The Great War had started on August 4th of that year and our dad had volunteered for service on September 5th. My mother told us of the day he left home in his best suit to catch the train to Oxford. Here he enlisted in the 2/4th Oxon. and Bucks. Light Infantry. After a few weeks’ training and embarkation leave he was soon en route for France. It was along time before we saw him again and each night Mother led us, her three children, in prayer for his safe return. One night I was watching her brush and comb her lovely long hair when she said ‘It’s moonlight, the same moon that is shining on your dad. I wonder where he is tonight?’ We soon found out, for in a few hours’ time there was a shout from the garden of ‘Mother, open the door!’
Mother lit the candle and, carrying it downstairs, opened the door to a weary, muddy and pack-laden soldier. In a very short while she had our dad into clean clothes and, sitting by a blazing fire over a cup of strong tea, he told us how a few days’ leave had been granted following a terrible battle. A troop train had brought the soldiers from the Channel boat at Dover, up to London and then down to Oxford. From there, there had been no further transport. The men could either sleep on the platform or find their own way home; some lived in Oxford but others out in the villages.
Dad and his companion, a young man from Taynton, had walked to Shipton. The young man had come Shipton way to see Dad indoors and then had the long, cold walk over the Downs to his own home at Taynton. While Dad was at home he helped Mother with the garden and mended our shoes and boots. Mother ironed his uniform to kill the many fleas he had brought back with him, arid then left us at Granny’s while she went to the station to see him off again. In a few days’ time she took us to stay at Chippenham with her brother Walter Longshaw and his four children. We lived there for almost a year.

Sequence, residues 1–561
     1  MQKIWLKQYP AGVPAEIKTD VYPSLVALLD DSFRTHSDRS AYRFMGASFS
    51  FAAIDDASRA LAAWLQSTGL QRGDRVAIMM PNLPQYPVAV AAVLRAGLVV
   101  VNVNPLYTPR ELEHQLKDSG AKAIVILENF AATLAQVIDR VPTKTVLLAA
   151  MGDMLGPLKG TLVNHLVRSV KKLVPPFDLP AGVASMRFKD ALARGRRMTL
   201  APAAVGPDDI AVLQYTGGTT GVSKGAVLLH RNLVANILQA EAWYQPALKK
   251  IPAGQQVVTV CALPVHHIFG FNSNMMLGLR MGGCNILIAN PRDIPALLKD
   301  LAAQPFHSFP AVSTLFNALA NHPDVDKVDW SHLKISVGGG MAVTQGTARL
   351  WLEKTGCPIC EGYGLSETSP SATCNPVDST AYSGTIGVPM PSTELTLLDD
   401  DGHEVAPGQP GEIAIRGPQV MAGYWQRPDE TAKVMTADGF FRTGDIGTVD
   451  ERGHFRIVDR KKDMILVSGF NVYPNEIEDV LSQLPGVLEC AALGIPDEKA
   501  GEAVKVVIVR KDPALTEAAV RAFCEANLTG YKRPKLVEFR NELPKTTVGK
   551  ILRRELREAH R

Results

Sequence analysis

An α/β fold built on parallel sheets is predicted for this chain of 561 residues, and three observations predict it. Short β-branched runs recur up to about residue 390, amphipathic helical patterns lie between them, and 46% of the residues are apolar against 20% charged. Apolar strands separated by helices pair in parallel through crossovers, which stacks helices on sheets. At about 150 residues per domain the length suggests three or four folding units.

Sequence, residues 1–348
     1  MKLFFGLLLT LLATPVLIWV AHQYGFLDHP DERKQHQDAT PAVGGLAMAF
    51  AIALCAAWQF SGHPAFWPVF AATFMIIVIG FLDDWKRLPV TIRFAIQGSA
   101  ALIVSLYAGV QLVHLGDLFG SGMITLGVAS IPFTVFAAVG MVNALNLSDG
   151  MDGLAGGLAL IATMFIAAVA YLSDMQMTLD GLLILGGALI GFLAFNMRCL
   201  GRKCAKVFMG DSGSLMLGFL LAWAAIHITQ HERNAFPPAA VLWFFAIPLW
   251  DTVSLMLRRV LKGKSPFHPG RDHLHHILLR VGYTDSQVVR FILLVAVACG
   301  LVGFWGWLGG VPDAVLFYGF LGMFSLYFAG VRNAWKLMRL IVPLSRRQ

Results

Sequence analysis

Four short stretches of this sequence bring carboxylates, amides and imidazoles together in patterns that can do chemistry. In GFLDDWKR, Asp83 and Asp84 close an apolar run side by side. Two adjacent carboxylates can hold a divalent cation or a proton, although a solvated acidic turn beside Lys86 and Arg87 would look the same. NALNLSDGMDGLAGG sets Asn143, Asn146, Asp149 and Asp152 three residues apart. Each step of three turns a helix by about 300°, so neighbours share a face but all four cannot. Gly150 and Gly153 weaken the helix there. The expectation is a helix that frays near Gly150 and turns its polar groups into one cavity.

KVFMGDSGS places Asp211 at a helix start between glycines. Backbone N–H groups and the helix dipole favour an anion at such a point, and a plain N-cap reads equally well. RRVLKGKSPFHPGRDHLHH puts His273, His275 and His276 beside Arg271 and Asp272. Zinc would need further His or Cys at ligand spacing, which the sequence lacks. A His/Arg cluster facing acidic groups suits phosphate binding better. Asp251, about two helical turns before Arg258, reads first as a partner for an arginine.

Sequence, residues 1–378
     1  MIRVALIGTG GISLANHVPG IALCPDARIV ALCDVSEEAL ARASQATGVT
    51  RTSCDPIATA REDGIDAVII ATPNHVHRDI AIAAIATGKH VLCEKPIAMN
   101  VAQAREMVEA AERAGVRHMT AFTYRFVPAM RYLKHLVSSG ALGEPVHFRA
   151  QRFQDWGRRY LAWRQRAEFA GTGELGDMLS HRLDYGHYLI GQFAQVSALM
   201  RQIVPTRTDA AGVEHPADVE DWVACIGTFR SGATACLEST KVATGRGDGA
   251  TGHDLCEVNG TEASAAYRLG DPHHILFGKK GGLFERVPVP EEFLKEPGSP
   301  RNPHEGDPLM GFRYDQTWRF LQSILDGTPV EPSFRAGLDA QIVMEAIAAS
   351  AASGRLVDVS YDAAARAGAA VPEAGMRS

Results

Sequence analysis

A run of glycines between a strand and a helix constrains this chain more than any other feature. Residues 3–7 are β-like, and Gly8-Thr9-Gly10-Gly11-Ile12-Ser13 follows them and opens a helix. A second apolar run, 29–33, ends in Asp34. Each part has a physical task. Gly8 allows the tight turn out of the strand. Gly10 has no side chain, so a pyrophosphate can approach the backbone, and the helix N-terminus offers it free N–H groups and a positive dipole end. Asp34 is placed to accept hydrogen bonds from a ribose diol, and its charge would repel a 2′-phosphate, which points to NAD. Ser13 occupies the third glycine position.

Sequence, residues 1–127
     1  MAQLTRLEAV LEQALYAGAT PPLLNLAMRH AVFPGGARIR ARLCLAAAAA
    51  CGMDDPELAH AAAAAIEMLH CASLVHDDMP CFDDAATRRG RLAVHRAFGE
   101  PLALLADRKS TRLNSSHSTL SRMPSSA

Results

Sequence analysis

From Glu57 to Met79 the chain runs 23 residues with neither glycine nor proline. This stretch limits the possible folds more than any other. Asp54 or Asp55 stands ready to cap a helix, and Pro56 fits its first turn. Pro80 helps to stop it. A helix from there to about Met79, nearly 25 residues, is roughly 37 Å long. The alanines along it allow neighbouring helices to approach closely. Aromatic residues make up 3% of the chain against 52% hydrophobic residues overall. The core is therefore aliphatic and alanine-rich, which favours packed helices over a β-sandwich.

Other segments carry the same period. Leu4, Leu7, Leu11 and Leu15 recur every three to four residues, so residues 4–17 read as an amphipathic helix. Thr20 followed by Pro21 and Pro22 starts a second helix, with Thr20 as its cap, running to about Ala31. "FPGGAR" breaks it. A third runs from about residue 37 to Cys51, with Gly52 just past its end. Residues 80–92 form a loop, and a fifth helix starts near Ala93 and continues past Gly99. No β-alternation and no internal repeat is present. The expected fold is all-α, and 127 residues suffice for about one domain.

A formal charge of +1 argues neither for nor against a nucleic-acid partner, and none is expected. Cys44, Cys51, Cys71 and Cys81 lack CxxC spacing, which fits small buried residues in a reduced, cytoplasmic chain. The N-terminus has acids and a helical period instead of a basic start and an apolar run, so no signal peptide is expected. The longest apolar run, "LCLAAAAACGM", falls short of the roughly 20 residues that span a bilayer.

I was six when we returned home – too young to know anything of war? Our schoolmaster didn’t think so. There was no radio or television in those days, but Mr Strong read the war reports to us from his newspaper. He told us when local young men were killed in action and who was badly wounded; we were taught to sing patriotic songs and to hate the Kaiser and his people. None of the schoolchildren had ever seen the sea but we were taught that the navy was playing a vital role in the defence of our island. To illustrate this, my dad sent me a Navy ABC for Little Britons. I took this book to school many times and have it to this day.
The way to school led through the churchyard. One morning I had raced ahead of my brother and sister and turned the corner into the narrow path. There, leaning against the wall was a familiar figure – it was ‘our Dad’. He had travelled down on the first available train from Oxford and was waiting near the school to see his ‘mites’ before walking the last mile home. The schoolmaster met him too and said that we children could go home. We heard that he had been awarded the DCM and were very proud to read the following week in the Oxford Times:-
Lance-Corporal T.T. Coombes of the 2/4th Oxford and Bucks. Light Infantry has been awarded the Distinguished Conduct Medal for Auspicious Gallantry.